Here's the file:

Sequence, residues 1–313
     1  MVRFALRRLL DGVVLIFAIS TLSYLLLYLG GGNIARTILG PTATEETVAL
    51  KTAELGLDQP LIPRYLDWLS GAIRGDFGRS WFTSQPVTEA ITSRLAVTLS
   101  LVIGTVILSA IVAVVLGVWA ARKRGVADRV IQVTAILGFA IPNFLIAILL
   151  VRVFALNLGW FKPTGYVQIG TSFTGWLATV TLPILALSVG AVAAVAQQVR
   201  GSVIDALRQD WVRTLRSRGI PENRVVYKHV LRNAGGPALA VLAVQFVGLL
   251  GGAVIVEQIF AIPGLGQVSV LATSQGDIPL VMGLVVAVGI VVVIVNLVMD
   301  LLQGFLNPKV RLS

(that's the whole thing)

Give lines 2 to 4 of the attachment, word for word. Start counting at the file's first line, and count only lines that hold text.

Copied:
     1  MVRFALRRLL DGVVLIFAIS TLSYLLLYLG GGNIARTILG PTATEETVAL
    51  KTAELGLDQP LIPRYLDWLS GAIRGDFGRS WFTSQPVTEA ITSRLAVTLS
   101  LVIGTVILSA IVAVVLGVWA ARKRGVADRV IQVTAILGFA IPNFLIAILL